Materiality and process
Continuation of my ‘Mud Falls‘ exploring space and time of the materials (mud, chalk) as well as my own drawing work space. It is a bifold way of mark making through the at times more random ‘runs’ crossing the paper by gravity downwards and my own mark making while drawing and stepping on the paper, been myself inside the space of mark making. In reference to the spatial exploration by Michael Croft (click here) I experienced with my approach an intimate relationship with my support and used materials and re-calling my walking experience on site. By that I build on my walking experiments in a less illustrative way.
Did I think after my first experiments to add imprints of pebbles (as in above works of ‘materiality and surface’) I rejected it now in order to make the work not illustrative again and to keep the focus on materiality and process only
Material: Found mud, chalk powder, acrylic binder, water
Support: 300 g/sqm hot press Fabriano paper
Process drawing of a material process
Complete drawing – intermediate step after ‘mud-chalk fall’ application:
I tried to hang this completely on the wall – noticing too late that it was not completely dry. So I went already ahead with making additional ‘foot marking’ of walking on the lower part of the drawing.
Final image – lower part with a ‘new walking’:
I was especially careful not to use too much ‘mud’ material as in my earlier experiments to ensure that my footprints are clearly visible and leaving visible traces. The fall in mud and chalk as a process that leads into new formations randomly found. My walking on the support while and after the ‘fall’ application refers back to my site experience of walking as explored is in my earlier experiments. The formations do represent a structuring of different streams (mud and chalk) in reference to the formation of pebbles under pressure (here: formation under gravity). Formations also referring to the playful interaction of human being present on a pebbled beach and building pebble structures. The repetition of my ‘walking’ and its effect on ‘destroying some structures’ refers to the the fact of human presence in nature leaving traces and picking up debris or dirt – at times unconsciously.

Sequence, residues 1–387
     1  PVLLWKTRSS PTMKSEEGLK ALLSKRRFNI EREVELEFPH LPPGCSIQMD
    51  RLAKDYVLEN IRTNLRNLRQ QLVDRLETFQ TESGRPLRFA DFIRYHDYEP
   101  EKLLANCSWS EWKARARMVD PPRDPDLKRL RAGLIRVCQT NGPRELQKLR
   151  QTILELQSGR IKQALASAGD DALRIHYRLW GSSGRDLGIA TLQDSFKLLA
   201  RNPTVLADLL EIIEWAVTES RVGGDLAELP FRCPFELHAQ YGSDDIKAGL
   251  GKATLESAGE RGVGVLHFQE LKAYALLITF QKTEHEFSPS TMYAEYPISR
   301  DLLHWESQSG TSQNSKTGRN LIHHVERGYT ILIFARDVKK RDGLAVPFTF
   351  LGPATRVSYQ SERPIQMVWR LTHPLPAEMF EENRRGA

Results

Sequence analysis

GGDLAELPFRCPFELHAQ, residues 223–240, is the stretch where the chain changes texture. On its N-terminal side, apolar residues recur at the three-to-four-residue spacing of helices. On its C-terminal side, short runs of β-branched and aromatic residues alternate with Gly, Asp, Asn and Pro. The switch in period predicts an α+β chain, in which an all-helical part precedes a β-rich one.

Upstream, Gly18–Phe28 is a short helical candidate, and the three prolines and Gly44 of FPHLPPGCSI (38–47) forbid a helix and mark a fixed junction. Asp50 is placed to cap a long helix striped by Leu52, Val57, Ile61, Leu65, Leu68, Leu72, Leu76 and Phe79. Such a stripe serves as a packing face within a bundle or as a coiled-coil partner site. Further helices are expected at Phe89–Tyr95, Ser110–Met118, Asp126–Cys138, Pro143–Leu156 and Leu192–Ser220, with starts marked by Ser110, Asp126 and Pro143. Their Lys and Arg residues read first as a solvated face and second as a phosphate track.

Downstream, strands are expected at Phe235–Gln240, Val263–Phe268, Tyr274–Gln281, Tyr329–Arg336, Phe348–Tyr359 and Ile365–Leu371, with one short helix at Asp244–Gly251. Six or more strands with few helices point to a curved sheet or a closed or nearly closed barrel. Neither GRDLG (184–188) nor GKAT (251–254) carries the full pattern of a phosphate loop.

Overall the fall is the enabler for the last image – this could be presentational as such. But to understand the entire process I would suggest to unfold the drawing (after a complete drying) and hang on a wall (if possible).
This process drawing is about walking, physicality of found materials, and my tactile experience on site. My walking on site allowed me to discover with bodily awareness, a closer visual observation and a quite intimate approximation to time passing on site, silent, at times unheard. However, the human presence is visible through the sense of touch: either by visible stones formation or by the traces left behind. In that sense the natural material mud leaves traces behind on the paper.
The work should be presented with the footprints at the top and the running mud and chalk lines going down to the floor. By that presentation it shows more convincingly the impact of human presence on nature and the long trails that follows natural farces (gravity). The lowest part may touch the floor or even curve sightly on the floor. This would create an entry point for the viewer to get in close proximity with the work. For preservation reasons one may hang the work completely on the wall.
The viewer may want to meditate on this drawing with his/her own experience.
Final drawing unfolded on the wall (around 240 x 85 cm):
In an overall context the works ‘Materiality & Surface‘ and also the walking imprints as well as the larger scale site experience drawing in horizontal format may co-exist to enable full exploration of the subject.
My suggestion for exhibition: